The Christmas Truce of 1914 is one of the most fascinating stories of the First World War. The tale of German and British troops singing Silent Night, meeting each other in No Man’s Land, and then playing a game of football is a powerful counterpoint to the death and destruction of the Great War. As history teachers, however, we face the problem that a number of stories of the truce are uncorroborated and thus potentially inaccurate. How can we engage students with a discussion of the Christmas Truce, whilst ensuring that we don’t fuel the mythology?
Sainsbury’s supermarket have chosen to use the story of the Christmas Truce to drive their 2014 seasonal advertising campaign. The advert has spread a long way thanks to YouTube and within two days of its first broadcast in the UK my students in Romania were discussing it on their way to my history lesson. I’ve always held the view that lessons and schemes of work should somehow tap into students’ interests, so I chose to seize this ‘teachable moment’ to deliver an impromptu lesson. I asked the students to analyse the advert as an historical source in order to answer the question, “How much can we learn from the Sainsbury’s advert about the First World War?”
To answer this question successfully, the students would need to analyse the advert in the same way as they would any other historical source. In order to direct their discussions, they were asked to focus on four key questions:
- Who made the advert?
- Why was it made?
- What does it tell us about the First World War?
- What does it not tell us about the First World War?
This guidance was given to keep students focused on an analysis of the advert as an historical source, rather than allow the lesson to slip into a discussion of the moral and ethical issues surrounding it. They immediately commented that it tells us that soldiers played football on Christmas Day, but also mentioned other details such as it telling us about what soldiers wore and how the trenches were constructed. On the flip side, a student highlighted that the advert only shows the Truce for one group of soldiers. This point was developed by another who commented that the explosion that sends the two sides back to their trenches proves that the fighting continued. This last point was really important as it led us to a discussion of the dangers of using one event to draw conclusions about the past in general.
Further background information about the advert was then presented to the students, to help them understand how the advert had been created. They watched the ‘making of’ video, and read a series of extracts from the Twitter feed of Taff Gillingham, the historical consultant who worked on the advert (bit.ly/uked14dec28). A copy of the joint press release by the British Legion and Sainsbury’s also helped the students add detail to their responses (bit.ly/uked14dec29).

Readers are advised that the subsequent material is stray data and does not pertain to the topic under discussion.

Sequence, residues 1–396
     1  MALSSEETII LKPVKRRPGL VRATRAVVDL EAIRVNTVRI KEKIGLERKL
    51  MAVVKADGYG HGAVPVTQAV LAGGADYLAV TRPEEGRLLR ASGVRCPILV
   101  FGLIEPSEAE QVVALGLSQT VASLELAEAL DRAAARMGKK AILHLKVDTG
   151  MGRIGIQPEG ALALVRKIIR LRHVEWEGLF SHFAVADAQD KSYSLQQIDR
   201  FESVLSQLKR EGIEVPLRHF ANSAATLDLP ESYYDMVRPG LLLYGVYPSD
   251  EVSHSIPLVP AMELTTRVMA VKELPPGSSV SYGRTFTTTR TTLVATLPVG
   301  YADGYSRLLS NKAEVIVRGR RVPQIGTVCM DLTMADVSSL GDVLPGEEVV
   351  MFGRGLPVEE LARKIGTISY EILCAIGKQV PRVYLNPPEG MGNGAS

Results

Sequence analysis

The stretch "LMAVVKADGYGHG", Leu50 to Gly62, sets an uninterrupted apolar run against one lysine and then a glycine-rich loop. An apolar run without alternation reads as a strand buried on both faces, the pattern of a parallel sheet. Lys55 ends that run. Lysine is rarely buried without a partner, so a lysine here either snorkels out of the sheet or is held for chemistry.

These materials helped students to recognise that the advert was an interpretation of the Truce, and that it was therefore a compromise of the different aims of those involved in its production. They quickly spotted that the press release refers to the advert as “a creative interpretation”, but pointed out that the creators “sought to make the portrayal of the truce as accurate as possible”. They recognised that this was proved by the involvement of Mr Gillingham, whose Twitter posts go into significant detail about the sources he used to ensure the historical accuracy of the advert. Students did, however, identify that Mr Gillingham tells of how he and the director didn’t want the recorded football match to dominate the advert, but that “the client” (i.e. Sainsbury’s) wanted to “push the football hard”.
As a final activity, students from different groups were then asked to pair off to share their findings with each other, and to reach a conclusion of the overall lesson question about how much the advert can teach us about the First World War. Their opinions were written on Post-It notes, which they arranged into a continuum on the board for a plenary discussion.
Teaching history through current events is a rare …
Scott Allsop teaches History at the British School of Bucharest, having previously taught in Egypt and the UK. He runs an award-winning educational website at mrallsophistory.com and you can find him on Twitter at @MrAllsopHistory.